Campaign chaos in Kinshasa



KPFA Weekend News, 11.26.2010

KPFA spoke to Yaa Lengi, author of Genocide in the Congo and leader of the New York City-based Congo Coalition about chaos in the Democratic Republic of the Congo prior to Monday's presidential election.






KPFA Weekend News Host Cameron Jones: The Democratic Republic of the Congo's presidential candidates, current President Joseph Kabila and challengers Etienne Tshisekedi and Vital Kamerhe had planned to hold their final rallies before Monday's election in Kinshasa, the country's capital today, but, the Congo News Agency reported that the Governor of Kinshasa canceled all rallies after clashes erupted between supporters of the leading candidates. KPFA's Ann Garrison spoke to Congolese native Yaa Lengi, author of Genocide in the Congo, and leader of the New York City-based Congo Coalition about the violence already erupting in Kinshasa and elsewhere in the country.
KPFA/Ann Garrison:  It looks like the question is not who's going to get elected, but how many people are going to get hurt or worse. Is that how it looks to you? 
Yaa Lnegi: Yes, how many people are going to get killed, how many are going to get hurt, how many people are going to be arrested.  Kinshasa is already chaos. When Tshisikedi came back from his traveling, he got to the airport in Kinshasa. The president, Hippolyte Kanambe, or so-called Kabila,  prevented Tshisikedi from walking out of the airport, where they kept him for probably half a day. I'm not even sure when they let him out, but then as people marched for them to let Tshisikedi out of the airport, they started beating up on people, shooting, and we got the news almost in real time because we had a funeral in the family, but the members of the family could not go from one area of Kinshasa to another to attend the funeral.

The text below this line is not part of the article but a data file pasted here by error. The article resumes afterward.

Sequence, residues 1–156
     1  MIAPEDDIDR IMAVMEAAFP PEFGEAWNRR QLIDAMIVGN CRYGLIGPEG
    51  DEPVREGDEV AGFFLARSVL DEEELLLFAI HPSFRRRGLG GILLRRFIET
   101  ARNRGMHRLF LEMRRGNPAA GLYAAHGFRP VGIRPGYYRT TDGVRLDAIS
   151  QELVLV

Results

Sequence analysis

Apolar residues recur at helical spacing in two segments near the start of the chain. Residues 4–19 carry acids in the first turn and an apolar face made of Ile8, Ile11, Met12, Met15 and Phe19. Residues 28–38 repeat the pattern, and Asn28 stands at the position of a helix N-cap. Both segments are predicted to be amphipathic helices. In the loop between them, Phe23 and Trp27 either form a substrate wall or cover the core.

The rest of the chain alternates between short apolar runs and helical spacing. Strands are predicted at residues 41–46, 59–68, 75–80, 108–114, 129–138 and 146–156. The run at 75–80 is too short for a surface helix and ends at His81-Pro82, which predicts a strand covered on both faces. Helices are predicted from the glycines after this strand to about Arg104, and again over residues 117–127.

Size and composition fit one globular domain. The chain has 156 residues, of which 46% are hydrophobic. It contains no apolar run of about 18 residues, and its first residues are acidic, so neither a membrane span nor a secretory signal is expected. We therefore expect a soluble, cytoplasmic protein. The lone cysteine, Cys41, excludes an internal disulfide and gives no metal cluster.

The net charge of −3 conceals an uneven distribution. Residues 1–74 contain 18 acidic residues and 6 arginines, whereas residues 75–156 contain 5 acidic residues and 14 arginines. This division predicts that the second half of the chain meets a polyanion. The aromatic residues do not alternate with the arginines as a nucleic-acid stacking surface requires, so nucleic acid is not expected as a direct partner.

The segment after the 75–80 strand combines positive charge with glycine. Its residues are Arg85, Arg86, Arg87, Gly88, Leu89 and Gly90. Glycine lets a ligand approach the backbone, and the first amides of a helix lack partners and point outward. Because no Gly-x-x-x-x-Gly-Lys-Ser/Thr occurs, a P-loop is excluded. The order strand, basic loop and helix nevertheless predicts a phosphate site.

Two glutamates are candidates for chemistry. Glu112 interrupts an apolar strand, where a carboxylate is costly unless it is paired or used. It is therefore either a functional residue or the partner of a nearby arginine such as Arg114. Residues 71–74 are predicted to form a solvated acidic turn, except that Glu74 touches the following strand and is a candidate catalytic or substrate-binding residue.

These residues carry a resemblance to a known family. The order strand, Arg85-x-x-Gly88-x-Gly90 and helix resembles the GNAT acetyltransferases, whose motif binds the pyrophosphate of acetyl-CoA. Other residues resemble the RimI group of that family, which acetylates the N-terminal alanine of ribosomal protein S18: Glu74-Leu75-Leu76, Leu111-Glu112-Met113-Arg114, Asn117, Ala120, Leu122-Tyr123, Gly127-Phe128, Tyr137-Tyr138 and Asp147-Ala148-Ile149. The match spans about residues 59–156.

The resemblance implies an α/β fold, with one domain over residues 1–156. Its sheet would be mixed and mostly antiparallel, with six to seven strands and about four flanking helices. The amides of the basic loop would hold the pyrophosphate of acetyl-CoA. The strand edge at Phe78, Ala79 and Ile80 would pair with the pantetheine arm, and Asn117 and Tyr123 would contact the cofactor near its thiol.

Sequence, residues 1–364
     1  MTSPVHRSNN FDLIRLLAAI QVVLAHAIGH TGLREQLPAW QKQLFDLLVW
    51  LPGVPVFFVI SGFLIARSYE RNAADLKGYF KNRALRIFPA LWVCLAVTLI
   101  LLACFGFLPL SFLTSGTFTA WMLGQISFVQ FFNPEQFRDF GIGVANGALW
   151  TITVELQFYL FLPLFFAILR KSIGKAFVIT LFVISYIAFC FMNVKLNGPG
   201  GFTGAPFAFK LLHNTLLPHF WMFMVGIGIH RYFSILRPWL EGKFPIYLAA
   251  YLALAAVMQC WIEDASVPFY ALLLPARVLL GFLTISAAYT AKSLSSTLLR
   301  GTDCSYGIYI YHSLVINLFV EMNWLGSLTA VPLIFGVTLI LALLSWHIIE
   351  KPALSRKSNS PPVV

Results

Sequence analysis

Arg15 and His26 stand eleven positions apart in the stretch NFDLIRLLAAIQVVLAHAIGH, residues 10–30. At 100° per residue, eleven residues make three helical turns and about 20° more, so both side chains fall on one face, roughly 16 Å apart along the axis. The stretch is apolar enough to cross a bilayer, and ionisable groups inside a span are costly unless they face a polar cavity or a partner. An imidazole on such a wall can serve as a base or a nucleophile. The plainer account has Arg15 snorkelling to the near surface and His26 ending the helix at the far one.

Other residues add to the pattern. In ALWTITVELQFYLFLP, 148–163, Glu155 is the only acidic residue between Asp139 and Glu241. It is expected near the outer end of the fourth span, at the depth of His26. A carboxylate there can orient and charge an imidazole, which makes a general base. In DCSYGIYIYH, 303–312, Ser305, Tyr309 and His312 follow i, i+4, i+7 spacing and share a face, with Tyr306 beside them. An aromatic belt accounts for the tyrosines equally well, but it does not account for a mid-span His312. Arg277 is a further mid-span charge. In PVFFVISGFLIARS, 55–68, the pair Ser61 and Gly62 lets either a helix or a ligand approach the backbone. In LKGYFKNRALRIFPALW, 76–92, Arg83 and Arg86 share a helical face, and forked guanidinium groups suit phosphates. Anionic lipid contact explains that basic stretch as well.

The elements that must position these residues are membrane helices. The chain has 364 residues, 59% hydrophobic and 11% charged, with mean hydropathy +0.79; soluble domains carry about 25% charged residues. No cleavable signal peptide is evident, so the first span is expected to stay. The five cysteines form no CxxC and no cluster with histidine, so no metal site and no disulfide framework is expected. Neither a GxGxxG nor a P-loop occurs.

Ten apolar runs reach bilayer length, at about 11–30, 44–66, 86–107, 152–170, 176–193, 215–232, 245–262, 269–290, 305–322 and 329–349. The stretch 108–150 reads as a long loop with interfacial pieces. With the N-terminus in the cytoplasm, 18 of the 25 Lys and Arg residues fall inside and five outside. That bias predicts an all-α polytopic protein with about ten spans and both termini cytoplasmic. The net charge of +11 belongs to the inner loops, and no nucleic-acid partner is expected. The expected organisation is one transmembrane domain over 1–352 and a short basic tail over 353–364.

Yaa Lengi: Well, that's the evidence we have. Actually I just released a press release with pictures of these little military tanks that they have been giving to the police and equipment that actually was given to them by France to control the crowds. Not only that, we just got information that Joseph Kabila, or Hippolyte Kanambe, requested that Uganda send troops to the Congo, with military equipment to control the crowd because the Congolese soldiers and the police that he asked refused; they're not gonna shoot on Congolese people. So both Europeans and the neighboring Uganda and Rwanda are ready to intervene in the Congo, so that Kanambe or Kabila can stay in power, yes. 
KPFA:  ​Could you explain why you're calling Joseph Kabila "Hippolyte Kanambe"?  
Sitting President Joseph Kabila. Yaa Lengi reports that supporters at opposition candidate Étienne Tshisikedi have chanted ZONGISA YE NA RWANDA, which, in Lingala, means SEND HIM [Kabila] BACK TO RWANDA. Yaa Lengi:  What has been happening while Tshisikedi's campaigning at every stop.  When Tshisikedi's campaigning, the Congolese people are chanting and shouting,  "Zongisa ye na Rwanda," which is the Lingala language to say, "Send him back to Rwanda."   And it seems like all these media, foreign media that is in the Congo, they don't want to translate that for their listeners or their viewers. The reason the people are chanting is because the people know today that Joseph Kabila is actually a Rwandan Tutsi by the name of Hippolyte Kanambe.  
KPFA: And that was Yaa Lengi, author of Genocide in the Congo, on chaos in the Democratic Republic of the Congo prior to Monday's election. For Pacifica, KPFA, and AfrobeatRadio, I'm Ann Garrison.

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